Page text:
Howard Stern will appear on Monday's edition of "Late Show with David Letterman," which presents an opportunity a yup, admittedly an unexpected one a to discuss the next chapter in the life of one David Letterman.

As in: The future? What's next for a 68-year-old TV legend who still has energy, smarts, opinions and no discernible hobbies to keep him happily occupied as the golden years fly by...

How about another job, or more specifically, how about a radio show? Howard Stern a a guest of many years standing a has done OK with that newfangled medium called "satellite radio." Seems like Dave could find a niche there too, right?

This isn't idle speculation on my part for a change. Letterman's longtime colleagues have spoken of the possibility too (the boss has indicated in a few public comments that he might like to do something for CBS's "Sunday Morning" or even something online).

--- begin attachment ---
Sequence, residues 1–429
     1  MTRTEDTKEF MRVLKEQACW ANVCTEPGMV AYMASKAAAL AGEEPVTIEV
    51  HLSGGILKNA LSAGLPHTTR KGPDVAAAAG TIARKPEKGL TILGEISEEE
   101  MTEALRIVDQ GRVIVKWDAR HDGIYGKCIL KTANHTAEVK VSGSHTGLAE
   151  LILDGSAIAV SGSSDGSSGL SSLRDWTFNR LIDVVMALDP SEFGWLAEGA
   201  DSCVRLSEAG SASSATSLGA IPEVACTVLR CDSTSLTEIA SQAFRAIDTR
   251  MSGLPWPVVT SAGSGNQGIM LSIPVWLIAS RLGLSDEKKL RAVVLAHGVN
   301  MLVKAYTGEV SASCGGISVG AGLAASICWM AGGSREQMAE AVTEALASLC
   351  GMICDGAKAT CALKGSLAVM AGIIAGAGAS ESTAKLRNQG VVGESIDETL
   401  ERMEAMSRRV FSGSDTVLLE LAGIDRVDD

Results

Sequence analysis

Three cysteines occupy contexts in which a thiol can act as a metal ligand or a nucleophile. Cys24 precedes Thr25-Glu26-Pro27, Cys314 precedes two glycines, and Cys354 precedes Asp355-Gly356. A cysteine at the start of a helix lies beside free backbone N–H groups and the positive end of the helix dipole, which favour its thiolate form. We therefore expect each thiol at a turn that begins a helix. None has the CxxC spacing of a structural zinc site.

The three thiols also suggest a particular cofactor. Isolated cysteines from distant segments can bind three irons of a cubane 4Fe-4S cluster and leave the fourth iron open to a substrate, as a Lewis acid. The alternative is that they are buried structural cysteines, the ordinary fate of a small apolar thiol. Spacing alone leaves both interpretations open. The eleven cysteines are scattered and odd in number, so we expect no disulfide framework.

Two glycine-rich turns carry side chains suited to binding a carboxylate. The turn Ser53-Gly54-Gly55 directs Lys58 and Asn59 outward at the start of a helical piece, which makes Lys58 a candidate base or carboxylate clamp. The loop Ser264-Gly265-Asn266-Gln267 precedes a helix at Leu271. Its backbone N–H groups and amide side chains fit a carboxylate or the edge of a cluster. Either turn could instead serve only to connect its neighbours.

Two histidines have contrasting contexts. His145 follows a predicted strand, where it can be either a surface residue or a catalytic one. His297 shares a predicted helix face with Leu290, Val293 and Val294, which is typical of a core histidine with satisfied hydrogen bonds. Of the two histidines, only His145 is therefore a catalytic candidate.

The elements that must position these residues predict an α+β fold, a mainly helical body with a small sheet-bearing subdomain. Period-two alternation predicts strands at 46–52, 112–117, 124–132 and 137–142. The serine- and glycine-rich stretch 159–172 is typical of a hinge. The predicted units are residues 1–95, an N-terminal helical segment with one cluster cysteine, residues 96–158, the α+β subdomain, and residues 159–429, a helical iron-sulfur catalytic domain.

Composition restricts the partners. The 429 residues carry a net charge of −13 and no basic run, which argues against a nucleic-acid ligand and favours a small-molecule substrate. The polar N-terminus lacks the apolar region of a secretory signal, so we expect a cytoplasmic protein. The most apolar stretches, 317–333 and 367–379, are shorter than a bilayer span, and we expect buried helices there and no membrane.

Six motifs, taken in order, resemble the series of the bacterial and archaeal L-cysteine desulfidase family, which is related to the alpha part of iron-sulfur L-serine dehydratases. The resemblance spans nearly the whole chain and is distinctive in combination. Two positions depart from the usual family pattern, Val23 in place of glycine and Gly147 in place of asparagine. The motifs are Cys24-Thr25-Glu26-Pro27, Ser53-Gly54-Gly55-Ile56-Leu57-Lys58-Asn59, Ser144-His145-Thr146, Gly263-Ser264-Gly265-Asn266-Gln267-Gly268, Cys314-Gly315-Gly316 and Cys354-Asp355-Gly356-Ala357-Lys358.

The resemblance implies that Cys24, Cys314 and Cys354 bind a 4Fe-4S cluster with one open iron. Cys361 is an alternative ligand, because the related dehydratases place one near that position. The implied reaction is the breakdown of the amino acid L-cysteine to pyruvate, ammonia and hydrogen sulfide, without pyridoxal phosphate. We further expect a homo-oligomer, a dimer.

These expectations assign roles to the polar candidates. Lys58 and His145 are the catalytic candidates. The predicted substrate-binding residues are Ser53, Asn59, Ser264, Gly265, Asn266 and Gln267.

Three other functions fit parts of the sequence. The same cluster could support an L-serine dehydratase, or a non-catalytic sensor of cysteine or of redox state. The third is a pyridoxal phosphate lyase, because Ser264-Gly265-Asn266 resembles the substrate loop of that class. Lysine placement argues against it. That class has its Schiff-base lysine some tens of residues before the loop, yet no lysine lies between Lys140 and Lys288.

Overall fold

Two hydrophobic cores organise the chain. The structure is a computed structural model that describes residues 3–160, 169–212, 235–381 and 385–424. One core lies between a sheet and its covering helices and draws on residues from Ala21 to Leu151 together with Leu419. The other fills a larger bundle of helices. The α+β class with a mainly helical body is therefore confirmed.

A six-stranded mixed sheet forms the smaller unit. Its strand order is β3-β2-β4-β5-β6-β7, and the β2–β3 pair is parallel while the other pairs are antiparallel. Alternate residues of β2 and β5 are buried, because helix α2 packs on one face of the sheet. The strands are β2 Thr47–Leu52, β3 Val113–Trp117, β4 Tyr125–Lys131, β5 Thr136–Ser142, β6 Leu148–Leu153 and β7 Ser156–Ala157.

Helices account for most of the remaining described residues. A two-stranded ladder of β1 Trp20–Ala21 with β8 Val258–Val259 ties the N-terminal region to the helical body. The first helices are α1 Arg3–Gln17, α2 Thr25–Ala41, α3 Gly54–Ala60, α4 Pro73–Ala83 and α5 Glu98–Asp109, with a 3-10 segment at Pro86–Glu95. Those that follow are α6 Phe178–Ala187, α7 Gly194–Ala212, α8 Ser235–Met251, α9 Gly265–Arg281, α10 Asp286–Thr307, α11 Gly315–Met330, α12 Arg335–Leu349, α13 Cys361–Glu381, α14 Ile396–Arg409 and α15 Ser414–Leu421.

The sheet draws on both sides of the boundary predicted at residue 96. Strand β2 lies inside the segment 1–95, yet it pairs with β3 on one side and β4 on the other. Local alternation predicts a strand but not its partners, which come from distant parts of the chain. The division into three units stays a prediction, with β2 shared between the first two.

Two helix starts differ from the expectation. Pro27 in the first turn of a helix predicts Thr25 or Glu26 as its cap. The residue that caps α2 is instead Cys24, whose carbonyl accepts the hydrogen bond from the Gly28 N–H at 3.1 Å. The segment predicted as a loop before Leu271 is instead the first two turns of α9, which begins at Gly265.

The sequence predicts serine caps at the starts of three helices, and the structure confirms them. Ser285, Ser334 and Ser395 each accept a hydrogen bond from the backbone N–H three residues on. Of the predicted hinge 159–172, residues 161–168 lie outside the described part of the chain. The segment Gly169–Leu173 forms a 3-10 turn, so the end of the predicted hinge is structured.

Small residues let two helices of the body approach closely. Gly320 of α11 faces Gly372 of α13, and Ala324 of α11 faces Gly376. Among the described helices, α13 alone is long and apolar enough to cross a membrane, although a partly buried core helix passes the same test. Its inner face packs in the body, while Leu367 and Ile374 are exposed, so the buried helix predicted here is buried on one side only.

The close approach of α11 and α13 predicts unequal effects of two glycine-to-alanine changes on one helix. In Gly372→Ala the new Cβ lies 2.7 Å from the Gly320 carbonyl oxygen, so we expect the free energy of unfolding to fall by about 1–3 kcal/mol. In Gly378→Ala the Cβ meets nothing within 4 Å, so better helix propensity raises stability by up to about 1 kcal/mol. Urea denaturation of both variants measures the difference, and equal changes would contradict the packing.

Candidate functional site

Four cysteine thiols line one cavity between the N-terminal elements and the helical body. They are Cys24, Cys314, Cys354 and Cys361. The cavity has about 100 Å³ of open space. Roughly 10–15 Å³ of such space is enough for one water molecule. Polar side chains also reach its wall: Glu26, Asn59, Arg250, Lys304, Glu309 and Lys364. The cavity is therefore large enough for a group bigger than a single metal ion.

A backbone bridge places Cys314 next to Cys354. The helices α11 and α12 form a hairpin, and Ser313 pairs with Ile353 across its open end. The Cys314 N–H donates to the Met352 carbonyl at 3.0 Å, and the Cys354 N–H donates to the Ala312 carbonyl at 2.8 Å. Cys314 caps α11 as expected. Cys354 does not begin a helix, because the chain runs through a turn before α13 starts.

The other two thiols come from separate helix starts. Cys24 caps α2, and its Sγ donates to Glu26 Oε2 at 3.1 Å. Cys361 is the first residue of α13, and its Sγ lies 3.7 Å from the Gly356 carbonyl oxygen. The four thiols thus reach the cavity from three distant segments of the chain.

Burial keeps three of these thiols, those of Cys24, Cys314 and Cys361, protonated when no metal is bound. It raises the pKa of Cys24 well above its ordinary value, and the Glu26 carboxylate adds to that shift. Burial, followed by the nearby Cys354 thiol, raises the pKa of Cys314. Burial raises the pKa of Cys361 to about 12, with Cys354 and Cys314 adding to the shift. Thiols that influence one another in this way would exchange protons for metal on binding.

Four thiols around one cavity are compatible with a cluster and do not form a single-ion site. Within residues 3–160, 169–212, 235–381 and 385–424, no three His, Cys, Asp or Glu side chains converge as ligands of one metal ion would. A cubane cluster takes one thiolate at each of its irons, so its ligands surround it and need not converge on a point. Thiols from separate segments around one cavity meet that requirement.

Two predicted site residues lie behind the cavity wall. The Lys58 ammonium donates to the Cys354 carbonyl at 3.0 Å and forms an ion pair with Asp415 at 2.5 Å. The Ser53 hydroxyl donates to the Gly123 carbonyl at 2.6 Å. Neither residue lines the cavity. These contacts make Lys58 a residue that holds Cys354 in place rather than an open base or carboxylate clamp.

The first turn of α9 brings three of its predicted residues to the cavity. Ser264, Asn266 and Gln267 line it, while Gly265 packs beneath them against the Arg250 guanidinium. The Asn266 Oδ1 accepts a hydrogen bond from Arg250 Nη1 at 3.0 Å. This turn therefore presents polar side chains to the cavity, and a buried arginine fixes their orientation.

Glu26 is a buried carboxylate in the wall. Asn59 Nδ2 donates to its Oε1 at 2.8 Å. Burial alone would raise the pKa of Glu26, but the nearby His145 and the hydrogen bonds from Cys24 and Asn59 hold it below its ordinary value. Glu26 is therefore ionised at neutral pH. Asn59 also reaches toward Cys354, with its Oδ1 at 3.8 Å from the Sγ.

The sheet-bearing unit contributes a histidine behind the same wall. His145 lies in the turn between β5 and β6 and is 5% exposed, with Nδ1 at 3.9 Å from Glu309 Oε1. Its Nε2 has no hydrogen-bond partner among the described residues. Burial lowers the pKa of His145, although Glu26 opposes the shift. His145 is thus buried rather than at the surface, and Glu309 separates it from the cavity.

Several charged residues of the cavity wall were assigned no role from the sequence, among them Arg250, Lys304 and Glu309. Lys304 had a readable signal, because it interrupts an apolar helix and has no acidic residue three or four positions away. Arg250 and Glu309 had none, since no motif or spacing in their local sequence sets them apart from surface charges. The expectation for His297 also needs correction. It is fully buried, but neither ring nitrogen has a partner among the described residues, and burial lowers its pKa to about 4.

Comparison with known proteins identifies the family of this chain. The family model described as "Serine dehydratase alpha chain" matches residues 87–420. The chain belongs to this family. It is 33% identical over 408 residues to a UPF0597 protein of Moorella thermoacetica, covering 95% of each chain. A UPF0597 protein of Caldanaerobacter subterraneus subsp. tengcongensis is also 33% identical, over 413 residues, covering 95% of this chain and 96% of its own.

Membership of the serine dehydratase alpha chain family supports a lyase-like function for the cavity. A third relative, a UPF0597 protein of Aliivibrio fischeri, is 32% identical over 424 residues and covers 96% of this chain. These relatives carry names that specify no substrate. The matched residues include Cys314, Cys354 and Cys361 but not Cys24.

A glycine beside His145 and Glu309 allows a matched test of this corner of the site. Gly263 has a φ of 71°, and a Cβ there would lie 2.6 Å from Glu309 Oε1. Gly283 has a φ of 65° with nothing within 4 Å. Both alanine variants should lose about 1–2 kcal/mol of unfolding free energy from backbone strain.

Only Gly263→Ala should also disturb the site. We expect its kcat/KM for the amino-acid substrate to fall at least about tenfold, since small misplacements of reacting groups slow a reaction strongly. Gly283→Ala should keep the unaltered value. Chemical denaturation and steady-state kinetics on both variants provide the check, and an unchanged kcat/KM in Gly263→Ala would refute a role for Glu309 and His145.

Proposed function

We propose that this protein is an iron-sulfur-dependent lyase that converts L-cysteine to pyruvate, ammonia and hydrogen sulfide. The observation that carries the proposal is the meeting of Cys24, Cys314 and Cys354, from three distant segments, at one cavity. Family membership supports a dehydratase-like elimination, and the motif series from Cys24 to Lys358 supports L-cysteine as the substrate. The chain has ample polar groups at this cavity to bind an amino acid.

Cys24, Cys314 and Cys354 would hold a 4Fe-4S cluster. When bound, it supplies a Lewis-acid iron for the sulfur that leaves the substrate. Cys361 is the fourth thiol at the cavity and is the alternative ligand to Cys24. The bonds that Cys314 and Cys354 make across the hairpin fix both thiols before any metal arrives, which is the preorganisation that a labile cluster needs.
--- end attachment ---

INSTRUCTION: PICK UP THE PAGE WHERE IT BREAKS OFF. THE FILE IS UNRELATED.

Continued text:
"We've talked about this" -- a possible radio gig -- "among ourselves," said Jerry Foley, "Late Show's" longtime and esteemed director in an interview Friday. "If you think about it, the show has become more about the desk more than anything else in the past couple of years. What happens at the desk puts him at the height of his powers, when he sits down and talks..."

Foley adds that Letterman enjoyed his "Comedians in Cars Getting Coffee" outing with Jerry Seinfeld, so the Internet beckons to some degree as well. But radio is especially intriguing; it's either long form or short-form, comedic or straight, about current affairs or the discussion of any type of affair, current or otherwise, you darn well choose to discuss.

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And Dave, as Dave-o-philes know, began his career on talk radio, WNTS/AM radio in Indianapolis, as both anchor and weatherman. Radio was the springboard to that which was to be a 33 years on network television. He congratulated tropical storms on becoming upgraded to hurricanes. He spoke of hailstones "the size of canned hams."

A future post-"Late Show" radio program would probably be a little different a still whimsical, but also presumably serious. It could also provide the foundation for a Letterman Unbound a a thoughtful guy with well-formed opinions about world affairs, politics and culture, says Foley.

Terrestrial radio or satellite? Guests or solo?

We're getting ahead of ourselves here, but satellite certainly sounds like fun, no? Guests, an absolute must. Maybe even...Stern.